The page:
Among the heroes of this ambitious enterprise are the dogged researchers who poured over Black newspapers, scorebooks, and microfilm to unearth the documentation required. Negro League author and researcher Larry Lester reported, “I have about 16,000 box scores in my database, so it took years to perform the task.” 

The typical Negro League season was only 60-80 games (as compared to the 154 game seasons in the Major Leagues at the time), so the principal changes in the record book are more for “rate stats” (averages, percentages) than for “counting stats” (home runs, RBIs, wins).  

The most striking change is that Josh Gibson, legendary catcher and power hitter, is now the all-time leader in batting average, slugging percentage, and OPS and also is the single season leader in those same categories. His .372 lifetime batting average replaces Ty Cobb’s .367 and his 1943 BA of .466 replaces Hugh Duffy’s .440 in 1894. 

Among Black baseball fans, Babe Ruth was known as “the white Josh Gibson.”

In all, 2,023 Negro league players now have their numbers included in the new MLB integrated database. Those players who played in the Negro Leagues and then integrated the previously white Major League Baseball have seen their numbers adjusted upward, in many cases quite significantly. 

ROY CAMPANELLA PLAYED eight years for the Baltimore Elite Giants (starting at age 15!) and 10 years in the MLB for the Brooklyn Dodgers. His official statistics have been significantly upgraded by the addition of his Negro League stats.
Art by Graig Kreindler with permission of Jay Caldwell)

Roy Campanella, great Dodger catcher, played eight seasons (starting at 15!) in the Negro Leagues, mostly for the Baltimore Elite Giants, and 10 years in the Majors for Brooklyn. He gains 274 hits (total 1,435), 167 RBIs (1,053), and 19 homers (261) in his overall statistics. 

Monte Irvin played for the Newark Eagles from 1938-48 and eight years in MLB for the New York Giants. His 363 hits for the Eagles raises his lifetime batting average from .293 to .305.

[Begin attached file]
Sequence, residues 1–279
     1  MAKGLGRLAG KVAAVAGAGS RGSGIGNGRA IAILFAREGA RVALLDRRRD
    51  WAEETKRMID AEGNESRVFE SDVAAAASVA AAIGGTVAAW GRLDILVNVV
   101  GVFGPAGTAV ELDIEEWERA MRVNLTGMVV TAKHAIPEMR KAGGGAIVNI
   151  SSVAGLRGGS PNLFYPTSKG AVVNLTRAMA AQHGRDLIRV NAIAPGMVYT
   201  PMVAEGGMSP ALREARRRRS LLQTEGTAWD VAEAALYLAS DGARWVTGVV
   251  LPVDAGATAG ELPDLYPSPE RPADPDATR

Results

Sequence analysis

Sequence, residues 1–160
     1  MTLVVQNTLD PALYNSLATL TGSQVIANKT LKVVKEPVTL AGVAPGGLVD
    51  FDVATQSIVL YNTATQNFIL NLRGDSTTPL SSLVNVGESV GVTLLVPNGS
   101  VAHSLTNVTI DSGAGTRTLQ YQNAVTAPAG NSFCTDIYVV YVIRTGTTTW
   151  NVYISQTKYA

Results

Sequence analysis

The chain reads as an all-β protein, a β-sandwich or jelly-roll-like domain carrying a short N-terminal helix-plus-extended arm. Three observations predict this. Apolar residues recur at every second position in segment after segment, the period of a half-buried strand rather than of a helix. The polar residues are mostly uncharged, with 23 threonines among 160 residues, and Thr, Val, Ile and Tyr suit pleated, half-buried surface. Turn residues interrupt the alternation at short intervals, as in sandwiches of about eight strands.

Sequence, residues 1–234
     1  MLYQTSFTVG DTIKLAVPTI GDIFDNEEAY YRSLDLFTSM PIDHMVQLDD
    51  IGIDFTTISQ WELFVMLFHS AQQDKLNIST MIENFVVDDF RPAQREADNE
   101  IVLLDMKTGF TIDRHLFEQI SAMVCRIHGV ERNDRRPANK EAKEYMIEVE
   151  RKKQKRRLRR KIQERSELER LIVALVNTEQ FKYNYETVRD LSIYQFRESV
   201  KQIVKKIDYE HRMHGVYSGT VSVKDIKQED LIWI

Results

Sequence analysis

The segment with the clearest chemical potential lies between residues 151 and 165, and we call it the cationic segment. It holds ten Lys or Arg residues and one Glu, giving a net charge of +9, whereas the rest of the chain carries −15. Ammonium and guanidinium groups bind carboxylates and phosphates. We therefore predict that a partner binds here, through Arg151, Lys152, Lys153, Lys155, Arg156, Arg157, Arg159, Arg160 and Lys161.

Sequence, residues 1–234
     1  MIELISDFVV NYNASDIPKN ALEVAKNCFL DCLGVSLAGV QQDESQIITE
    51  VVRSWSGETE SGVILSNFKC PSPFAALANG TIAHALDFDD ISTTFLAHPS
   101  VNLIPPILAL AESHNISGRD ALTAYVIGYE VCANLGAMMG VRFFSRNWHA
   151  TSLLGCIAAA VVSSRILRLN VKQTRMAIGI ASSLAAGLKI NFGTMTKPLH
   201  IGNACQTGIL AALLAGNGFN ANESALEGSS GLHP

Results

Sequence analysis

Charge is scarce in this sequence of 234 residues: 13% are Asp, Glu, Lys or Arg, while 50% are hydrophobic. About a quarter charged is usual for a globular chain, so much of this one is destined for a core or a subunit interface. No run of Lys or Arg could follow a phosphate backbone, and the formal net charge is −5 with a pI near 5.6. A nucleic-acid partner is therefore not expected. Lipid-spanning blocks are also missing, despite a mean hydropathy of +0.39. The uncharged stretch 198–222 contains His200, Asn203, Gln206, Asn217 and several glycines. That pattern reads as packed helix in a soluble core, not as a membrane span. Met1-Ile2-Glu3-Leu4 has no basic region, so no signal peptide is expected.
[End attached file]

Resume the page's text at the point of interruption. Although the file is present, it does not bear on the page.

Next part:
Minnie Minoso, the Cuban Comet, integrated the Chicago White Sox in 1951. His 150 hits with the New York Cubans (1946-48) gives him over 2,000 for his career (2,113). 

Satchel Paige won 28 games in MLB in his five years, starting in Cleveland (6-1) in 1948 at age 42. He now is credited with another 97 wins — and his only home run, hit in 1929 for the Birmingham Black Barons. His career officially spans over 35 years, from 1929 to 1965!

These changes, these statistical adjustments, don’t begin the tell the story of Black baseball and the hardships and humiliations of segregation . . . but it surely is a gesture in the right direction.

Willie Mays only had 43 at-bats in 13 games in the Negro Leagues. He played at age 17 in 1948 for the Birmingham Black Barons. He had 10 hits for the Barons, giving him a total of 3,283, including two doubles, a triple, and a homer. The homer (which was widely acknowledged) doesn’t count because there’s no box score documentation. So Willie’s home run total remains at 660. 

Willie died last week at age 93 on the eve of a spectacular celebration of the Negro Leagues in Birmingham, where Willie’s life and career began. Last Thursday, the St. Louis Cardinals and San Francisco Giants played an MLB game at Rickwood Field, the oldest ballpark in continuous play in the U.S. Built in 1910, it was the home field of the Black Barons for nearly 50 years. 

The Rickwood game was entertaining and competitive, a 6-5 Cardinals win. The extensive pregame festivities were both exciting and poignant as Willie was remembered for his extraordinary life. 

It was a fitting remembrance for the game’s greatest player. 


Karl Lindholm, Ph.D, taught a Negro Leagues course in the American Studies Program at Middlebury College, “Segregation in America: Baseball and Race.” He can be reached at [email protected].